The Discipline of not Looking

The Discipline of not Looking

Don't Look

It does not take long to notice that we are surrounded and bombarded with things pertaining to sexual sin. This reality places us in the midst of a battle that is not easy at all. We not only have to face daily temptations from within our own minds, but we have to deal with the billboards, the advertisements and the clothes (or lack of) people are wearing.


Sex of course is not the problem. The problem is how we distort God’s plan and purpose of the gift of sex. The Bible is clear concerning the evil of sexual sin. In his letter to the Ephesians Paul wrote,


But sexual immorality and all impurity or covetousness must not even be named among you, as is proper among saints. Let there be no filthiness nor foolish talk nor crude joking, which are out of place, but instead let there be thanksgiving. For you may be sure of this, that everyone who is sexually immoral or impure, or who is covetous (that is, an idolater), has no inheritance in the kingdom of Christ and God. Let no one deceive you with empty words, for because of these things the wrath of God comes upon the sons of disobedience. Therefore do not become partners with them; for at one time you were darkness, but now you are light in the Lord. Walk as children of light (for the fruit of light is found in all that is good and right and true), and try to discern what is pleasing to the Lord. Take no part in the unfruitful works of darkness, but instead expose them. For it is shameful even to speak of the things that they do in secret” (Eph. 5:3-12).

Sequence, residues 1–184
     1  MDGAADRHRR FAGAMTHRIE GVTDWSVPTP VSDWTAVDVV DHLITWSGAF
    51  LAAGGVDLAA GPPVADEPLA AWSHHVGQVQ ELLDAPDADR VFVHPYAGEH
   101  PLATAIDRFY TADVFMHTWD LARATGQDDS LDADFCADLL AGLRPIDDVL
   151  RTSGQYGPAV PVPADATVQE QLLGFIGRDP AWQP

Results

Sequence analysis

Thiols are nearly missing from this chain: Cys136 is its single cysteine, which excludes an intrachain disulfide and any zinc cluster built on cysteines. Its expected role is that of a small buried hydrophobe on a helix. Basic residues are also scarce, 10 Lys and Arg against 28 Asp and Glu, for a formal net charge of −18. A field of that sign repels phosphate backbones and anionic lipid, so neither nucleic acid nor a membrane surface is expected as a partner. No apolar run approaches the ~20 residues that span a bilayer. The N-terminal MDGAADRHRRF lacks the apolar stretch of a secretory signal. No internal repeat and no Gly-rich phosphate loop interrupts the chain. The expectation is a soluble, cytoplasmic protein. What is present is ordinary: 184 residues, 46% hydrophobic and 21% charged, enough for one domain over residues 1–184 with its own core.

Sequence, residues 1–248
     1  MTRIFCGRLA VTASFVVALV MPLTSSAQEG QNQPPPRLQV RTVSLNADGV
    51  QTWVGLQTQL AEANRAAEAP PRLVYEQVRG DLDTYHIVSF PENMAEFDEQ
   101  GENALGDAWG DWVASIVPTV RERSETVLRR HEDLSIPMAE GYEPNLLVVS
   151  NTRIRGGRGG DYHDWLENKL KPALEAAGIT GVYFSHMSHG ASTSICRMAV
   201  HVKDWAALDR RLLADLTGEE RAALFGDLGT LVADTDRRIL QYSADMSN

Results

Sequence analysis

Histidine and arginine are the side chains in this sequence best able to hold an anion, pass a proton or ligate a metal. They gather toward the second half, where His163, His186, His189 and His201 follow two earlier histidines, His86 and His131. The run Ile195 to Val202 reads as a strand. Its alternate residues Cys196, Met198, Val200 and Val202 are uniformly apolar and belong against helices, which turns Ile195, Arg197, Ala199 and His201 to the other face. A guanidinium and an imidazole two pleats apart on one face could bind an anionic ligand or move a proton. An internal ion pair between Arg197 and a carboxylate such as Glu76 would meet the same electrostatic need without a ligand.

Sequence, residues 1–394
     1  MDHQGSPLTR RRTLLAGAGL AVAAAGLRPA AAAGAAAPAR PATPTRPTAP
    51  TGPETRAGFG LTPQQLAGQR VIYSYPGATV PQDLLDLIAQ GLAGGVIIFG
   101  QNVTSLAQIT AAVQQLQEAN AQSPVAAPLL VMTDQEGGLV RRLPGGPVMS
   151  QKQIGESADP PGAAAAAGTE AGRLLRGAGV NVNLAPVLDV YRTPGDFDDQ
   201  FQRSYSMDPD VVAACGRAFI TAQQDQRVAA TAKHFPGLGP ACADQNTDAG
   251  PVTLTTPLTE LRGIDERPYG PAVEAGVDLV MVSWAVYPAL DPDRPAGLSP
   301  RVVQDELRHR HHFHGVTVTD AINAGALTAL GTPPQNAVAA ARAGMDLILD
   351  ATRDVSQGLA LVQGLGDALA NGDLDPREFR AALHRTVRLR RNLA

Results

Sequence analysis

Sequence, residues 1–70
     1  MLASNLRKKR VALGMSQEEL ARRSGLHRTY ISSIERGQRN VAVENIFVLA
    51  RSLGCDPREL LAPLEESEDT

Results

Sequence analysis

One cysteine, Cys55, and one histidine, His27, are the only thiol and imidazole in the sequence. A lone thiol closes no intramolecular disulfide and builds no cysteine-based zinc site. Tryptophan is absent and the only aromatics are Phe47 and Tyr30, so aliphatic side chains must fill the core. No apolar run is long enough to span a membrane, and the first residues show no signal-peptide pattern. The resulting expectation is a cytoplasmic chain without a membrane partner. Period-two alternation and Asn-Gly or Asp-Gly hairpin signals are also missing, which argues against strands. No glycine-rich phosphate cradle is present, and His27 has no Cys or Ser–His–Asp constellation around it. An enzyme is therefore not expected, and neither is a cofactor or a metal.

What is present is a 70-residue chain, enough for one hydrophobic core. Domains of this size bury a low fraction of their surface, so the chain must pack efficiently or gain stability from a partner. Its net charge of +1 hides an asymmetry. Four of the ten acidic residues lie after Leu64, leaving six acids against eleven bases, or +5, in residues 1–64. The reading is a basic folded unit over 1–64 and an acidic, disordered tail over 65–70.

What is a Christian to do when faced with so many temptations when it doesn’t appear possible to retreat? There are certain sexually tempting situations in which we are readily able to remove ourselves from. Joseph provides us with an excellent example of getting out of there when temptation or seduction arises (Gen. 39:12).


But as I look around me I am noticing that there are more situations now than ever before where it is almost not possible to retreat. Walking through a shopping centre, going to a park or the beach, or even sitting next to or opposite someone on a train dressed in a rather revealing way. The solution is not to hide in our house and never come out. This is just not practical. Nor is there is any point in pretending not to look either. Whenever we do this we need to remember that this does not honour our Lord. He knows and sees what we are doing (Prov. 15:3), so let’s not think that we are clever but merely glancing.


What should we do in the midst of such difficult situations? In a recent Asking Anything Weekend edition, Albert Mohler spoke about “the discipline of not looking”. I really appreciated that particular terminology, and I believe it is something that we as God’s people need to cultivate.


How do we cultivate the discipline of not looking? Instead of thinking of this as walking around with a blindfold on, we need to grow in our awareness of God’s holiness and presence. Furthermore, we need to actually tell ourselves that looking at things that can lead to sexual sin is not in line with His holiness and therefore is something we ought not to look at. Granted, it will not be easy and we will fail. This is why it is called the discipline of not looking. We need to put in an effort, but let us never forget our ongoing need of our Lord’s help. Kevin DeYoung wrote these helpful words,


“If you have died with Christ, will you not also be raised with Christ (Rom. 6:4-8)? If you have been crucified with Christ, is it not the person of Christ – with all his purifying power – who lives in you (Gal. 2:20)? And if God did spare his own Son but gave him up for you, how will he not also with him graciously give you all things (Rom. 8:32)? God can forgive (again). God can empower (more). And God can change you, even it’s slowly, haltingly, and painfully from one itty-bitty degree of glory to the next”.[1]


Let us together as God’s people look to our Lord in-order to grow in the discipline of not looking at sexual temptation.


[1] Kevin DeYoung. The Hole in our Holiness, Crossway, 2012, p. 122


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